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CRONTAB(5)		    BSD	File Formats Manual		    CRONTAB(5)

     crontab --	tables for driving cron

     A crontab file contains instructions to the cron(8) daemon	of the general
     form: ``run this command at this time on this date''.  Each user has
     their own crontab,	and commands in	any given crontab will be executed as
     the user who owns the crontab.  Uucp and News will	usually	have their own
     crontabs, eliminating the need for	explicitly running su(1) as part of a
     cron command.

     Blank lines and leading spaces and	tabs are ignored.  Lines whose first
     non-space character is a pound-sign (#) are comments, and are ignored.
     Note that comments	are not	allowed	on the same line as cron commands,
     since they	will be	taken to be part of the	command.  Similarly, comments
     are not allowed on	the same line as environment variable settings.

     An	active line in a crontab will be either	an environment setting or a
     cron command.  An environment setting is of the form,

	 name =	value

     where the spaces around the equal-sign (=)	are optional, and any subse-
     quent non-leading spaces in value will be part of the value assigned to
     name.  The	value string may be placed in quotes (single or	double,	but
     matching) to preserve leading or trailing blanks.	The name string	may
     also be placed in quote (single or	double,	but matching) to preserve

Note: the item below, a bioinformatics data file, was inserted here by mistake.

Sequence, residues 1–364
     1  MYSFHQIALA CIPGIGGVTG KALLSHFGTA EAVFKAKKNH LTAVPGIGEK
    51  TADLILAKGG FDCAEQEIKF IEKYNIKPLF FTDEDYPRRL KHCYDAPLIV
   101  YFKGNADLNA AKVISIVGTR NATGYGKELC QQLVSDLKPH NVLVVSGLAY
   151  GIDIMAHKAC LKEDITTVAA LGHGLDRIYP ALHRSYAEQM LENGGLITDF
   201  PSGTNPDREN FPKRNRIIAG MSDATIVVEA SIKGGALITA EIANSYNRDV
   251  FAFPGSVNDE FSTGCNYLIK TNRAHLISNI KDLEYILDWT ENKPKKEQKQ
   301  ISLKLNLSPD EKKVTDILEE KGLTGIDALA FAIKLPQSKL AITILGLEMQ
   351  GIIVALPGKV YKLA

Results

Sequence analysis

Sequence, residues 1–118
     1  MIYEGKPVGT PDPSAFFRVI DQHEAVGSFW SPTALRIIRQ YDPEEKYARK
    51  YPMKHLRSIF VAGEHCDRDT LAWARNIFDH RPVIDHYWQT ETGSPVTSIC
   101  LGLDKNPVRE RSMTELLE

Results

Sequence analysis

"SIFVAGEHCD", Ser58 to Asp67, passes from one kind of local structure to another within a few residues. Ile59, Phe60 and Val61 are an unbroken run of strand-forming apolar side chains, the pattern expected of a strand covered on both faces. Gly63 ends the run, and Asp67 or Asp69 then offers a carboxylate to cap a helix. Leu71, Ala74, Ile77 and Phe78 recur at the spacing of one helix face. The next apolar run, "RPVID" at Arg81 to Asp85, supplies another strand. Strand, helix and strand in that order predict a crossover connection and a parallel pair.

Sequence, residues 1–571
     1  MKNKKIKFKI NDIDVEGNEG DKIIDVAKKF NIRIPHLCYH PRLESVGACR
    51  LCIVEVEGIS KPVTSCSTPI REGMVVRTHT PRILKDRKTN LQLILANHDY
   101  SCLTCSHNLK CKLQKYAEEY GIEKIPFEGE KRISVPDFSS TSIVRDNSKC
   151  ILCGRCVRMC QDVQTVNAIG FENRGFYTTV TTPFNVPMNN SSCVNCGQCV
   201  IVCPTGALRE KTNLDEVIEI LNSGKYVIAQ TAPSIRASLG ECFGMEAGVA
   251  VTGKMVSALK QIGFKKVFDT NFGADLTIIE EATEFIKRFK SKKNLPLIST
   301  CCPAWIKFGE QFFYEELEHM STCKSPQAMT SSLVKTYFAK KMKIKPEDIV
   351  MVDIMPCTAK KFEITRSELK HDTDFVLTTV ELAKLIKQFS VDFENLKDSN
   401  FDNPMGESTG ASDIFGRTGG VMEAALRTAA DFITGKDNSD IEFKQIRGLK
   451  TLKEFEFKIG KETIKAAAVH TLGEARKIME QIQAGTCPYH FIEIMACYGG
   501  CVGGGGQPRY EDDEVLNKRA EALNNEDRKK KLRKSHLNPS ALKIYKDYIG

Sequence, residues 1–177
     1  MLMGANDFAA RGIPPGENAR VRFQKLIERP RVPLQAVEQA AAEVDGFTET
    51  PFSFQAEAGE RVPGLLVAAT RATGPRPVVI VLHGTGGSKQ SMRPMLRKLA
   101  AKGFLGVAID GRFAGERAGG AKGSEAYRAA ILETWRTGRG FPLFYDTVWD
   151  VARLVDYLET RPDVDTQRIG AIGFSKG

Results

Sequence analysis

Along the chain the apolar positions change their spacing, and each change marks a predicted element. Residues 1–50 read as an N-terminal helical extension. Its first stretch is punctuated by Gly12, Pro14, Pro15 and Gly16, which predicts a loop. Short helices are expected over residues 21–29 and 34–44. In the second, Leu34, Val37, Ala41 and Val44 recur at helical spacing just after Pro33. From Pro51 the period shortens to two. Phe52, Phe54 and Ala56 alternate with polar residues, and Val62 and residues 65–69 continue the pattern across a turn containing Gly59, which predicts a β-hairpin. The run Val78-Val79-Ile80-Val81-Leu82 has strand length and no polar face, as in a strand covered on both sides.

leading, traling or inner blanks.

     Several environment variables are set up automatically by the cron(8)
     daemon.  SHELL is set to /bin/sh, and LOGNAME and HOME are	set from the
     /etc/passwd line of the crontab's owner.  HOME and	SHELL may be overrid-
     den by settings in	the crontab; LOGNAME may not.

     (Another note: the	LOGNAME	variable is sometimes called USER on BSD sys-
     tems...  On these systems,	USER will be set also).

     In	addition to LOGNAME, HOME, and SHELL, cron(8) will look	at MAILTO if
     it	has any	reason to send mail as a result	of running commands in
     ``this'' crontab.	If MAILTO is defined (and non-empty), mail is sent to
     the user so named.	 If MAILTO is defined but empty	(MAILTO=""), no	mail
     will be sent.  Otherwise mail is sent to the owner	of the crontab.	 This
     option is useful if you decide on /bin/mail instead of /usr/lib/sendmail
     as	your mailer when you install cron -- /bin/mail doesn't do aliasing,
     and UUCP usually doesn't read its mail.

     The format	of a cron command is very much the V7 standard,	with a number
     of	upward-compatible extensions.  Each line has five time and date
     fields, followed by a user	name (with optional ``:<group>'' and ``/<lo-
     gin-class>'' suffixes) if this is the system crontab file,	followed by a
     command.  Commands	are executed by	cron(8)	when the minute, hour, and
     month of year fields match	the current time, and when at least one	of the
     two day fields (day of month, or day of week) matches the current time
     (see ``Note'' below).  cron(8) examines cron entries once every minute.
     The time and date fields are:

	   field	 allowed values
	   -----	 --------------
	   minute	 0-59
	   hour		 0-23
	   day of month	 1-31
	   month	 1-12 (or names, see below)
	   day of week	 0-7 (0	or 7 is	Sun, or	use names)

     A field may be an asterisk	(*), which always stands for ``first-last''.

     Ranges of numbers are allowed.  Ranges are	two numbers separated with a
     hyphen.  The specified range is inclusive.	 For example, 8-11 for an
     ``hours'' entry specifies execution at hours 8, 9,	10 and 11.

     Lists are allowed.	 A list	is a set of numbers (or	ranges)	separated by
     commas.  Examples:	``1,2,5,9'', ``0-4,8-12''.

     Step values can be	used in	conjunction with ranges.  Following a range
     with ``/<number>''	specifies skips	of the number's	value through the